1. Staff Attrition Is Rising, Retaining Women in Tech, & Growing Privacy Concerns – 03:00 PM-03:30 PM
InfoSec World 2021 is proud to announce its keynote lineup for this year’s in-person event! Hear from Robert Herjavec plus heads of security at the NFL, TikTok, U.S. Department of Homeland Security, Stanford University, and more… Plus, Security Weekly listeners save 20% on world pass and main conference registration! Visit https://securityweekly.com/isw2021 to register now!
In the Leadership and Communications section, Executives in tech say staff attrition is rising, 7 in 10 Facility Managers Consider OT Cybersecurity a Major Concern, Consumers Concerned About Personal Data Collection, and more!
Senior Research Engineer at CyberRisk Alliance
Executive Director at CyberRisk Alliance
Executives in tech say staff attrition is rising – More than nine in 10 executives in technology, media and telecom are seeing higher-than-usual attrition in their ranks, according to a PwC survey. Executives in these industry sectors say salaries, career advancement opportunities and improved relationships with managers drive staff departures. The trio of factors are more impactful in tech, media and telecom than in other industries.
1. Know what intellectual property you’ve got
2. Know where your intellectual property is
3. Prioritize your intellectual property
4. Label valuable intellectual property
5. Secure your intellectual property both physically and digitally
6. Educate employees about intellectual property
7. Know your tools to protect intellectual property
8. Take a big picture view
9. Apply a counter-intelligence mindset
10. Think globally
Consumers Concerned About Personal Data Collection: KPMG – Data collection is rising, with 70% of the business leaders surveyed reporting that their companies have increased collection of consumer personal data over the last year. General population respondents are worried about how organizations use their data, and many of these concerns are grounded in a fundamental lack of trust. Key Findings include:
– 83% would not willingly share their data to help businesses make better products and services
– 64% say companies are not doing enough to protect consumer data
– 47% believe their smart devices are listening to their conversations
– 40% say they don’t trust companies to use their personal data ethically
– 13% don’t trust their own employer to use their personal data ethically
1. You need to know where data is being stored and used, because if you do not know, you cannot control it.
2. The data owner is key in identifying and controlling who or what process can access and use the data.
3. Understanding the value of data and understanding how different security techniques can protect data is key to developing a risk assessment and, ultimately, the chosen security architecture.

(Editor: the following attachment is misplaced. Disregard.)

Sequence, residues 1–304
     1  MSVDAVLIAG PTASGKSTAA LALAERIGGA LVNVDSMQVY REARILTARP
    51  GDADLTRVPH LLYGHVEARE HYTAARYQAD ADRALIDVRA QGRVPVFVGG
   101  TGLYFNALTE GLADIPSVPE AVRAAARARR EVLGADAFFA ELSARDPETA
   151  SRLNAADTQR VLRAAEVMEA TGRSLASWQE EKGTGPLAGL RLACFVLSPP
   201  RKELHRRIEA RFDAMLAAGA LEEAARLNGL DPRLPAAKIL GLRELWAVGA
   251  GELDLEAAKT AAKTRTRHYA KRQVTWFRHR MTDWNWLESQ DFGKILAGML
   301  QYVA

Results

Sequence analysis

4. User and process access controls must be based on a strict “need to know” basis. Just because a person is a senior manager does not mean they need access to every file or data item within their company, organisation unit or department.
5. Access controls should ideally take into account a user’s or process’s origination point and possibly time of day. 2FA for users is a valuable way to enhance network security and data privacy by significantly improving access to a company’s infrastructure.
6. Sensitive and secret information must be held separately from other data and ideally in a separate physical store. Access to this type of data must also be restricted to known origination points, for example authorisation down to not just a department, but appropriately authorised users or group of users within a department. Additionally, an authorised point of origin might be required, such as known IP addresses.
– 27% of facility managers have experienced a security breach in their OT systems in 12 months.
– Around 66% of respondents view managing OT cybersecurity as one of their most challenging responsibilities.
– Over 56% of respondents are currently more willing to invest in safety-focused solutions (including OT cybersecurity) than they were before the onset of the pandemic.
Retraining women in tech for the post-pandemic workforce – The trend of women leaving the workforce mid-career to take on family obligations or other responsibilities is not new. However, the COVID-19 pandemic greatly exacerbated this exodus. In fact, nearly three million women left the U.S. workforce during the pandemic, as many have had to make tough choices between careers and families.
The good news is that this is a solvable problem. We should explore ways to ensure that women — specifically technical women — have the necessary resources, tools, and opportunities to successfully transition back to work. Here are some recommendations to consider:
1. The rise of the ‘returnship’
2. The bootcamp, reimagined
3. Attracting diversity through flexibility
2. State of Cyber Threats: Tenfold Increase in Ransomware – 03:30 PM-04:00 PM
Security Weekly Unlocked will be held IN PERSON this December 5-7 at the Hilton Lake Buena Vista!
We are excited to announce our speakers: Lesley Carhart, John Strand, Alyssa Miller, Dave Kennedy, O’Shea Bowens, Marina Ciavatta, Patrick Coble, Chris Eng, Eric Escobar, Nick Leghorn, Michael Schladt, Kevin Johnson, Justin Kohler, Jay Beale, Trenton Ivey & Ryan Cobb!
Looking into the first half of 2021, there are important indicators of what cyber adversaries are planning next. This will be a conversation about cyberthreat trends and looking into takeaways from big name attacks so far this year.
Derek Manky – Chief, Security Insights & Global Threat Alliances at Fortinet’s FortiGuard Labs
Experienced thought leader and innovator who has helped to build global collaborative frameworks in the cyber security industry. Strategist to global leaders/heads of state, private public sector relations, C-Suite consultant, threat intelligence expert on cybercrime.